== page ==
The High Court of Justice is more accepting of the torturing detainees, as of two recent decisions, than it has been since 1999, lawyer Smadar Ben Natan said at a conference hosted by the Public Committee Against Torture in Israel (PCATI.)
Though it occurred last week, a video of the conference was only released on Monday.
Ben Natan’s comments related to a December 2017 High Court decision, but even more to a November 2018 decision that the Shin Bet’s (Israel Security Agency) enhanced interrogation of Hamas operative Fires Tavish in September 2012 was not illegal torture even though it caused him to vomit.
The senior human rights lawyer highlighted that the three-justice Tavish decision panel of Yitzhak Amit, David Mintz and Yosef Elron also held that the current policy in which the Shin Bet receives mid-interrogation legal guidance from the attorney-general's office is legal.
The major decision followed a similar blockbuster decision in December 2017 which together appeared to have made it significantly easier for the Shin Bet to justify enhanced interrogation than many legal scholars had presumed since a 1999 High court decision declaring torture illegal.
Combined, the two rulings were extremely rare examples where the Shin Bet, while publicly admitting to using enhanced interrogation, defended its use.
PCATI had argued that the High Court's own landmark 1999 decision declaring torture illegal had said that the Shin Bet can never get advanced permission to use enhanced interrogation - a form of moderate physical pressure which the court has said is short of torture - but can only get a post-interrogation approval of its actions.
According to Ben Natan at last week’s conference, this distinction is critical, both philosophically and practically.
Philosophically, she said that the distinction fleshes out the difference between saying that torturing detainees can be planned and justified in advance versus that they can never be pre-approved, but only in rare instances approved after the fact. Even where approved afterward, it would only be if the results of the interrogation, such as stopping an imminent attack, excuse the torture.
On the ground, she explained that the difference between pre-approval and post-approval is whether individual Shin Bet agents take the dilemma seriously and take individual responsibility for their actions, or whether torture becomes a factory-style bureaucracy with no individual culpability.
PCATI CEO Rachel Stroumsa went so far as to say that the High Court rulings consciously avoided answering the question of what interrogation methods it would consider to be torture.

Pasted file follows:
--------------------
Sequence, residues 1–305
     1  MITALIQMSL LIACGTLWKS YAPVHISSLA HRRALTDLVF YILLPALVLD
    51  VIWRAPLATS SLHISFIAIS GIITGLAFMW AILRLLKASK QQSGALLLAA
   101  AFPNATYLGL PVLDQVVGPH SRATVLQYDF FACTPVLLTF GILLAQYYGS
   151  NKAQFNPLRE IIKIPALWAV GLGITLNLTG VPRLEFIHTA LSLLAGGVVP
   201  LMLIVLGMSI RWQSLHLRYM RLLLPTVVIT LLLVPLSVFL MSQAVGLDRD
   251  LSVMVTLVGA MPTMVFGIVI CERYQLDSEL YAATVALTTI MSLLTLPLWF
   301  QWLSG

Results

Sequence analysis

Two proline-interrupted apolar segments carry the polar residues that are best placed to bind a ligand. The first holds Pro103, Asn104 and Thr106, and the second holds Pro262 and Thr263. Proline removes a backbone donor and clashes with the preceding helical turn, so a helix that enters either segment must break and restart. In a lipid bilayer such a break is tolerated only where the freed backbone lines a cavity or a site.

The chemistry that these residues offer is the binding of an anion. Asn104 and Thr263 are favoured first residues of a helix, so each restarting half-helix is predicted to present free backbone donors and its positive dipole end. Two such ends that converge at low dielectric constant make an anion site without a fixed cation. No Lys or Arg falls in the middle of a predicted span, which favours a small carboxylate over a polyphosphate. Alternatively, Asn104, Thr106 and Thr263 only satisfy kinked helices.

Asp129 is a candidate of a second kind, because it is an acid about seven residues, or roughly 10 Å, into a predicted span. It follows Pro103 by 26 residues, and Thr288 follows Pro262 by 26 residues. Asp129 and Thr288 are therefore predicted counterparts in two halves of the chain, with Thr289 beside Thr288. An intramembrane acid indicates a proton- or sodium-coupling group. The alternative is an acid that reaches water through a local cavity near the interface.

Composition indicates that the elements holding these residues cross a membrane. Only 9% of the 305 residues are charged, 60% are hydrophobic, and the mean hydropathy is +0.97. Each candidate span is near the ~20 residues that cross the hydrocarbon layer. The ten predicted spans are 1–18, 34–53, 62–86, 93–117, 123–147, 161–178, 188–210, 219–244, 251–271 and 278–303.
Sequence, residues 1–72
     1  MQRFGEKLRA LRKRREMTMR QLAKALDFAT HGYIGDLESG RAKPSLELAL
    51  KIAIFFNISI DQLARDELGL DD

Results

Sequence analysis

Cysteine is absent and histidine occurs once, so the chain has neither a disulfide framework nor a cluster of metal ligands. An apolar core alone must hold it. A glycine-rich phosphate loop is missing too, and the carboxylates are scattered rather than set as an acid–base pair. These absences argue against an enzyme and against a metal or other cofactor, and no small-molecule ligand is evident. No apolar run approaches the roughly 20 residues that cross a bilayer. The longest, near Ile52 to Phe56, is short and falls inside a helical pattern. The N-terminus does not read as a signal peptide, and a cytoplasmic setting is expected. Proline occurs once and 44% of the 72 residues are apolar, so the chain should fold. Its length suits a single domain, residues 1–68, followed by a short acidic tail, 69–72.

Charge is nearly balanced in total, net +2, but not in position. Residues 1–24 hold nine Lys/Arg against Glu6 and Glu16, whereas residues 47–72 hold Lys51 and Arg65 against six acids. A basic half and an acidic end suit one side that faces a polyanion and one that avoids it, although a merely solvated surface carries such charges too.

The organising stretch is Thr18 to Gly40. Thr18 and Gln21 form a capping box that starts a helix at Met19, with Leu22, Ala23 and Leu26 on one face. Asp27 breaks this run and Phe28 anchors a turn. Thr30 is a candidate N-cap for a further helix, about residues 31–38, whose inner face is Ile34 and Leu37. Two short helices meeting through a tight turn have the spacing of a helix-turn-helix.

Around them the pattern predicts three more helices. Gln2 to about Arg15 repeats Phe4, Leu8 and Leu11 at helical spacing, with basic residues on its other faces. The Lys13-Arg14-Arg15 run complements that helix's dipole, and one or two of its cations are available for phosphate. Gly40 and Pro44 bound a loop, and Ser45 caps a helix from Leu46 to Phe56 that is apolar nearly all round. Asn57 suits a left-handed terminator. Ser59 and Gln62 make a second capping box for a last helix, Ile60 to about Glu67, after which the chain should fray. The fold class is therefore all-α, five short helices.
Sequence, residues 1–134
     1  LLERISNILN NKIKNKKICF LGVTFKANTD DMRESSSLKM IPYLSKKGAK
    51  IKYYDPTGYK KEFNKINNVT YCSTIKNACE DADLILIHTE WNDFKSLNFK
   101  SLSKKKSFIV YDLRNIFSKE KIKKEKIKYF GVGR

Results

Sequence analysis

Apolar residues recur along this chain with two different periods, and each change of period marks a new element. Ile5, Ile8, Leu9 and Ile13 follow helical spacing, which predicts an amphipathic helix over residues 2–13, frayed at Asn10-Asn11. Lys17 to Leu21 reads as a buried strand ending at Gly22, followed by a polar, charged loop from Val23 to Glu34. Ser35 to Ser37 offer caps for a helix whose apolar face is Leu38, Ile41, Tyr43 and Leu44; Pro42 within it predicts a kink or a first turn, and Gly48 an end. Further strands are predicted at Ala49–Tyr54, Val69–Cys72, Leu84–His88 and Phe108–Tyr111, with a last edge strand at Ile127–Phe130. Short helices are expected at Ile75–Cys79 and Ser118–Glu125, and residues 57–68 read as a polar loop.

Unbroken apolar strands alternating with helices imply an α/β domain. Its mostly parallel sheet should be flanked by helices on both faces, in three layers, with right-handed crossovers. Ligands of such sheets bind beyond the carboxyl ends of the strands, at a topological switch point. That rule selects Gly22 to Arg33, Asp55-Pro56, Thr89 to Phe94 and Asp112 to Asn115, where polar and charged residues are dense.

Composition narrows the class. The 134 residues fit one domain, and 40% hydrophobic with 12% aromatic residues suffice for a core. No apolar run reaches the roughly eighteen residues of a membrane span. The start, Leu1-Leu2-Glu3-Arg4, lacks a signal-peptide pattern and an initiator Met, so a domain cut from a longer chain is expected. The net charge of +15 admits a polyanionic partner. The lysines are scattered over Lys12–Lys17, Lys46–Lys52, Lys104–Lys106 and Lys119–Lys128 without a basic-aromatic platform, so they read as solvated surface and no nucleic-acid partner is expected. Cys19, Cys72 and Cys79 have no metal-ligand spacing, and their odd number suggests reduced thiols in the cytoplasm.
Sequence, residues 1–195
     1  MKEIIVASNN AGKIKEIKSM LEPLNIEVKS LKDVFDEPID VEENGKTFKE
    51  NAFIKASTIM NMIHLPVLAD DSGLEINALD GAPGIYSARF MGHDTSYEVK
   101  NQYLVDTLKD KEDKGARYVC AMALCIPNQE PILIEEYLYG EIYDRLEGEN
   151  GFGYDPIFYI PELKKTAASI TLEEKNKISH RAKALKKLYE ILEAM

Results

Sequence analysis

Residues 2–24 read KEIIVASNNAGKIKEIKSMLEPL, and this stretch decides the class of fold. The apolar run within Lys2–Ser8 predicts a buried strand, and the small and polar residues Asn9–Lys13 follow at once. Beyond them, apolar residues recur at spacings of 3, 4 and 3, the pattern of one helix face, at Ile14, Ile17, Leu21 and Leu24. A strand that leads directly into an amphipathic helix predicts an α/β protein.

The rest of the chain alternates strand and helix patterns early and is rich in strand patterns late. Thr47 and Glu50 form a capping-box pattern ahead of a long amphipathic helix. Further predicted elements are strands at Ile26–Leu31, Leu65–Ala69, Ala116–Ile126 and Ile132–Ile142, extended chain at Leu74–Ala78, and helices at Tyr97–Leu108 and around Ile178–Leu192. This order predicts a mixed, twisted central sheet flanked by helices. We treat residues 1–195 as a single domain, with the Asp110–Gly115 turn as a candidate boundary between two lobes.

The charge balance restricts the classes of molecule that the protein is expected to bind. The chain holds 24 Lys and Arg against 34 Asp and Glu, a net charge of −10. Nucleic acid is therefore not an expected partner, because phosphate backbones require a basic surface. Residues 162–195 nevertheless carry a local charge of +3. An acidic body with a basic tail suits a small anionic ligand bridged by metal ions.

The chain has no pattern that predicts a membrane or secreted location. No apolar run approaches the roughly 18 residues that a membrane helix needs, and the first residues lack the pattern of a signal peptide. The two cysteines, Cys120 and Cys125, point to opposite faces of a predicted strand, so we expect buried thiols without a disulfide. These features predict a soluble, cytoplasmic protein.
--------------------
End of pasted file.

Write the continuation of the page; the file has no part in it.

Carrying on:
She claimed that this watered down the value of its 1999 ruling.
In an interesting aside, Ben Natan said that she had heard from detainees who had been quietly, and without any connection to formal legal proceedings, paid compensation from a Shin Bet fund for injuries from interrogation.
The Shin Bet denied to The Jerusalem Post
that such a fund currently exists and rejected any allegations of torture, but did not address whether such compensation might have occurred in individual cases in the past.
Ben Natan concluded that part of the shift was politically-driven.
She said that two of the justices making the Tavish decision, Elron and Mintz, were hand-picked by Justice Minister Ayelet Shaked, who has said explicitly that she wants to transform the court into being less liberal.
Ben Natan said that attacks on the court during the current election season, as well as promises by Shaked and others to bring the court into an even more conservative direction, are likely predictive of how it will treat the torture issue and other civil rights issues going forward.
A spokeswoman for the courts disputed Ben Natan’s characterization to the Post
regarding the specific panel as being influenced by Shaked, saying that a later February decision by High Court President Esther Hayut - considered a moderate-liberal and a shield against Shaked’s efforts - had supported the panel’s decision.
In her February decision, Hayut rejected PCATI’s appeal for a broader panel of the High Court to override the three-justice panel, writing that the smaller panel was in line with standard court precedent.
Likewise, former Hebrew University Law School Dean Yuval Shany said he did not view the recent decisions as a radical change. Rather, he viewed them as part of a gradual movement of the High Court toward the perspective of the Shin Bet in permitting enhanced interrogation in a wider category of cases than the narrower definition of an imminent ticking-bomb attack.
He did, however, criticize the almost complete absence of criminal probes of torture complaints made by detainees since 2001. At the heart of the court’s Tavish ruling, it explained that Tavish was only given enhanced interrogation from September 18-21, 2012. This was after weeks of refusing to cooperate and taking into consideration that the Shin Bet had strong evidence he was withholding information which could lead to the prevention of terror attacks.
In fact, the court found that information he provided during two separate enhanced interrogation rounds helped to find Hamas weapons which had been used for terror attacks in the past and which were due to be used for terror attacks in the future.
While PCATI said that merely finding hidden weapons did not meet the "ticking bomb" standard that the High Court set in 1999 as a condition for using enhanced interrogation, the court disagreed and said that the Shin Bet did not need to know exactly when a future terror strike would occur.
Moreover, the court said that the terror attack did not need to be imminent in terms of occurring that day, as long as the agency believed it might not be able to prevent the incident in the general near future if it did not act decisively.
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